Shouldn't this be a "Heaven Dragon" type? That's the connotation we normally see, isn't it?KrytenKoro06 17:06, 19 October 2009 (UTC)
- Does look like it.--Daisuke Motomiya 22:01, 21 October 2009 (UTC)
- True. But since "天" is one of those kanji that has multiple meanings, both "Sky" and "Heavenly" are valid translations. Actually, I believe that the first is a better choice in this case, for the latter might imply a holy connotation that Wingdramon does not have.
- Incidentally, there is something that I would like to point out: the last sentences (さらにウイングドラモンは高速移動するだけで速度が音速を超えてしまうため、『ウイングブラスト』と呼ばれる衝撃波が発生してしまう。そのため、ウイングドラモンの必殺技をかわしたとしても無傷ではいられない。) were translated as:
"Furthermore, because Wingdramon only breaks the sound barrier when it moves at high speeds, it generates a shock wave called "Wing Blast". For that reason, you aren't uninjured even if you parry Wingdramon's Special Moves.".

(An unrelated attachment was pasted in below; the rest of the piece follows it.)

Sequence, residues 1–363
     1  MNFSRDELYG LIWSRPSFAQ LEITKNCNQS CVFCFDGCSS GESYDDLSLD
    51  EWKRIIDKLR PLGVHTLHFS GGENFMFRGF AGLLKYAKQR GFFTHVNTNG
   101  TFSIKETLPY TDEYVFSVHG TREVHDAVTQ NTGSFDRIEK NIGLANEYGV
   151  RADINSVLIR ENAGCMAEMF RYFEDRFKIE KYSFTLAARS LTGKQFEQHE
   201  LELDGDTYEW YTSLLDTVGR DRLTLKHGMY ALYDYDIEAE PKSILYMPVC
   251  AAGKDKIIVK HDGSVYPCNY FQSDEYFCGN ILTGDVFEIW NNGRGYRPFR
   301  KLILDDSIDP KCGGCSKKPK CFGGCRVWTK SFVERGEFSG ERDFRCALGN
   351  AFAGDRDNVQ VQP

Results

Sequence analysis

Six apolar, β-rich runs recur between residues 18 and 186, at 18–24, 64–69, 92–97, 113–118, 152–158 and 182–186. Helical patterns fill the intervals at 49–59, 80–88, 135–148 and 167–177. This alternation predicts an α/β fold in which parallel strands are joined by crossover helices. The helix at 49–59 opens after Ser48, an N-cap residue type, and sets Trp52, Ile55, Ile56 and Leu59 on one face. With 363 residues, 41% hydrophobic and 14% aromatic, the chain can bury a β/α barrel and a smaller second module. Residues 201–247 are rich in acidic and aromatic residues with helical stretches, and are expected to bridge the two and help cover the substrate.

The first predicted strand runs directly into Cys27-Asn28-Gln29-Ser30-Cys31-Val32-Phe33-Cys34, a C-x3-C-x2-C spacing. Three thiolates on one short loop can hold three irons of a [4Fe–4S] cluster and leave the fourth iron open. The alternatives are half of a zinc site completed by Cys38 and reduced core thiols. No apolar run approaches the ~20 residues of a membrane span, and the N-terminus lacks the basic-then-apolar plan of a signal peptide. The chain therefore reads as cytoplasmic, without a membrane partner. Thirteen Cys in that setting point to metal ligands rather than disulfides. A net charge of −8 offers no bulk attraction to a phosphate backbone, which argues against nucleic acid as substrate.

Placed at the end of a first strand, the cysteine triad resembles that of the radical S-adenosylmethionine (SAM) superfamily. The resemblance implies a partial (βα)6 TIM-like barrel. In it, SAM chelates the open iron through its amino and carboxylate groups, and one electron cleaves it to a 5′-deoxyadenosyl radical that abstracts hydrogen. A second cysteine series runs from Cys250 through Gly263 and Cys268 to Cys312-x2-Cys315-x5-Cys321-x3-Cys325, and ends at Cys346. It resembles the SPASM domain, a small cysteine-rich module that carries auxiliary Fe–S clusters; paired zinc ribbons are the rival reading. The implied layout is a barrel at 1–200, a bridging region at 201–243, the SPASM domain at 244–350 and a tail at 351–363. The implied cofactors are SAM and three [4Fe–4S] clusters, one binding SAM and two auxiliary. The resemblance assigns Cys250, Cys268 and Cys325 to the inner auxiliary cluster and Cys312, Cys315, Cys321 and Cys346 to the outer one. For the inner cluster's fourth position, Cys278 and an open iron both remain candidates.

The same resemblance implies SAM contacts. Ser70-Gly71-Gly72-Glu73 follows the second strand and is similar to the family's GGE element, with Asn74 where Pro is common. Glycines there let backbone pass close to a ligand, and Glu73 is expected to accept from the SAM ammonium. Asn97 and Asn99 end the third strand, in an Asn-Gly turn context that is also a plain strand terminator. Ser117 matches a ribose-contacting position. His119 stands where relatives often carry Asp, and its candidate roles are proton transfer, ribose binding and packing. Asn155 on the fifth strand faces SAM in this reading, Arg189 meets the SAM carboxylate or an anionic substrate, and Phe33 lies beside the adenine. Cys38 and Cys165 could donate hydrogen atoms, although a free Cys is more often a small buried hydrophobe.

- Although it is not wrong per say, they are phrased in a strange way. Also "dodge" is a more accurate reading of "かわした" than "parry". So, I suggest changing these sentences to:
"Furthermore, Wingdramon's velocity breaks the speed of sound and creates a shock wave called "Wing Blast" just by him performing high-speed movement. Thus, you won't be unhurt even if you dodge Wingdramon's Special Moves". --Libra00 11:24, 28 November 2009 (UTC)
- "Uninjured" has a more visceral connotation, which I think works better here. "Parry" or "deflect" works better for the context, here, since if you could actually dodge the attacks, you should avoid the shockwave as well. However, if you only parried it, there's still all that force in the air itself to hit you.KrytenKoro06 17:28, 30 November 2009 (UTC)
- Not necessarily. I will compromise on the "uninjured" part, but I believe that the message that the text is trying to pass here is that even if you dodge Wingdramon's frontal attack, the shockwave that follows it will still hit you. We see this kind of things a lot in animes and shounen manga: that the hero barely manages to dodge the attack of the enemy but still receives a small cut from the air-pressure created by its passage.--Libra00 05:19, 3 December 2009 (UTC)